The human side of the climate crisis: causes and ways of dealing with it.

Is denial caused by sorrow over an almost unbearable loss? If it is - what can be done about it?

The human side of the climate crisis: causes and ways of dealing with it.

Is denial caused by sorrow over an almost unbearable loss? If it is - what can be done about it?

Themes on the page will be:

Human values and mindsets behind the climate crisis. Good advice for mastering your own crisis, depression and sorrow. What we need to change within ourselves to efficiently combat the crisis. Links to websites, articles and videos dealing with these themes.
Can denial be seen as the first Phase of a Crisis?
The phases of human crisis normally follow this sequence:
3 Types of Denial:

You reject that climate change is happening and that it´s man-made.


You accept climate change being real and man-made, but the acceptance stays in your head. It doesn´t affect you emotionally, does not fill your body, does not reach your stomach and your heart.


You recognize climate change, you are strongly affected emotionally by it, but that does not lead you to become politically active.

The purpose of this site is to help you move from all of them.

Maybe the emotional side of climate denial is the first phase in what we may label: Pre-traumatic stress disorder?

Get inspiration from Renée Lertzman: “How to turn climate anxiety into action”

Mastering your own crisis: Preliminary thoughts from Hans Joergen Rasmussen:

Hans Joergen Rasmussen Photo at the Climate Change Site
People often ask me: “Don´t you get depressed over global warming”. The answer is – and has always been: no – here is why:

When I was studying psychology in the 70s, I came across this set of equations:

1. Isolation plus oppression equals inaction and helplessness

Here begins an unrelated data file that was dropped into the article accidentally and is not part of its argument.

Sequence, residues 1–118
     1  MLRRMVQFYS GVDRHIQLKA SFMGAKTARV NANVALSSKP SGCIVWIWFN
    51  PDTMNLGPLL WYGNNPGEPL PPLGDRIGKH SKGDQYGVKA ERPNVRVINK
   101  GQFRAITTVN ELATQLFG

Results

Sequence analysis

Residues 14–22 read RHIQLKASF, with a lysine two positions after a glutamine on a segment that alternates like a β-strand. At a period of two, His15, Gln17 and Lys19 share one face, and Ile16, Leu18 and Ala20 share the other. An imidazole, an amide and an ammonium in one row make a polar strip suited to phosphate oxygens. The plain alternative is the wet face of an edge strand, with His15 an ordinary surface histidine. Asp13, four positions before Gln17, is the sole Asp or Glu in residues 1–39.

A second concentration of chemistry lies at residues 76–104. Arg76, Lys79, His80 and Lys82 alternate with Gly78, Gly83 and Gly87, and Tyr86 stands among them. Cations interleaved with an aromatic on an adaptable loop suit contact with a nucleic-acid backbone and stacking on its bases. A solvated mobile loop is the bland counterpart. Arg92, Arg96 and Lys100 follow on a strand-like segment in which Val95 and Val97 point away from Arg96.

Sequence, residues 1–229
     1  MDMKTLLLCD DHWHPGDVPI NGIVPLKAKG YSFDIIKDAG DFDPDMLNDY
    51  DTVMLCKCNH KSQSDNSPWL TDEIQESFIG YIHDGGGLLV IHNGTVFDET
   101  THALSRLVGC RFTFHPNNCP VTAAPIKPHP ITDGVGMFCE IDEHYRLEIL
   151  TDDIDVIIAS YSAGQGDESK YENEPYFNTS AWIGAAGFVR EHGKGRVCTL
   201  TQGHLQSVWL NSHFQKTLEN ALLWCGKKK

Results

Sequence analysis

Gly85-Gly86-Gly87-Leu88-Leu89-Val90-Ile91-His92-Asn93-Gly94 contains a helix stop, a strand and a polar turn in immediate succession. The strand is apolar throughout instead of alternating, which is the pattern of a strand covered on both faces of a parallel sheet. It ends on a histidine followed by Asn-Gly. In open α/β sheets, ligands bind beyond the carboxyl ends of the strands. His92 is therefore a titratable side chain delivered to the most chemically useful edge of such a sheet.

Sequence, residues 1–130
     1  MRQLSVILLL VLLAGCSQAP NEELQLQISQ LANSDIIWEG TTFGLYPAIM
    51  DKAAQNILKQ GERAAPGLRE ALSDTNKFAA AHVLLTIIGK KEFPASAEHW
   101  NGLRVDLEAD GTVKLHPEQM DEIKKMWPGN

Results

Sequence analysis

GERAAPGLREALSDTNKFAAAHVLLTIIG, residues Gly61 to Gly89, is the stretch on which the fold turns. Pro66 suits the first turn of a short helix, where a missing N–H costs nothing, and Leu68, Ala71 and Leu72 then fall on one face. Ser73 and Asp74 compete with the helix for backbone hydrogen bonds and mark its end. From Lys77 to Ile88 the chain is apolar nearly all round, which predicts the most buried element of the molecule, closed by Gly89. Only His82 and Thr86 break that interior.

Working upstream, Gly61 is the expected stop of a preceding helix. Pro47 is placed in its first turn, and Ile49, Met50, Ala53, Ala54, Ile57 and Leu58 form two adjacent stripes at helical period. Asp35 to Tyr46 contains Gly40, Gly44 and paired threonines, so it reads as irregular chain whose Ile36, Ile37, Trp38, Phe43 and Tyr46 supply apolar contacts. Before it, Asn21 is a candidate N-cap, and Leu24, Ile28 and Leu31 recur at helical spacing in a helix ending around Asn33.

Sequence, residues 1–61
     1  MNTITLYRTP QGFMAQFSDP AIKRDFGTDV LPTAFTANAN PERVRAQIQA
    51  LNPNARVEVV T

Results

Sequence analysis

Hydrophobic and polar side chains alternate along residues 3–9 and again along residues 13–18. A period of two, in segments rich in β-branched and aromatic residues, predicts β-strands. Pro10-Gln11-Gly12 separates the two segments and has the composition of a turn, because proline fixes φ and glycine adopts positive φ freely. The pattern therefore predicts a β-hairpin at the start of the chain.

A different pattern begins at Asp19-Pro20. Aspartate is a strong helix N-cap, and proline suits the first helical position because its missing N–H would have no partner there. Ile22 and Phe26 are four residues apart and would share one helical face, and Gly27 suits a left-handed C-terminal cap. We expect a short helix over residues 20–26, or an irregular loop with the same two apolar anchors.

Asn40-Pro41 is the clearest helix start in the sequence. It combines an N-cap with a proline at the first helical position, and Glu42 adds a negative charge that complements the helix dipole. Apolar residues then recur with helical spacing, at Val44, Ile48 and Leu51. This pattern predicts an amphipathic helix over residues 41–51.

2. Contact plus solidarity equals awareness raising
3. Awareness raising plus contact plus anger equals action plus change

I believe it still holds a high degree of validity – and it´s absolutely true in the case of global warming.

Before sketching some strategies for how to survive mentally and emotionally, i´ll just – very briefly – tell you what has been helping me in the process.

My involvement in this started around 2010. Reading some books, watching movies, getting in touch with other people focusing on Global Warming. Very much via Internet, Facebook etc.

As i learned more about the situation I decided, that I just could´t know this without sharing it.

Since my skills over time have had very much to do with communication and teaching, I started making courses. Since I´m also very interested in movies, Graphic art and photography, I started using videos and images in my slideshows instead of or as a supplement to text.

So all of a sudden I found myself working as a communicator about a subject i was very passionate about, using tools I love in the process.

Focusing on the fact that I have children, grandchildren and great-grandchildren who need to have a future, this work does not steal my energy. On the contrary: I get energized, vitalized. Working on this website only added an extra dimension to this.

My point is this: When you work with something you are passionate about it´s not possible to be depressed at the same time. And finding out that you are one of many – maybe millions – working for the same goals is really stimulating and rewarding.

Get out of your isolation, admit that you, too, would like yourself and your loved ones to have a future on this planet.

Ask yourself what you think would be interesting and fun to work with. We must all try to include our passions in this. And what we´re good at.

Start talking to other people about your thoughts and feelings about global warming, and find out that you are not alone. Talk to Family, Friends, neighbors, facebookcontacts, etc. Join organizations of likeminded people. Internet is full of them.

In the near future there will be an article generalizing and deepening the understanding of global warming´s effect on yourself and how to cope most efficiently with it.

The Norwegian Climate Psychologist Per Espen Stoknes with a clear analysis of the climate paradox.

Britt Wray:
“How climate change affects your mental health”

Another good story:
Clover Hogan: “Denial or despair? How to rewrite your climate change story”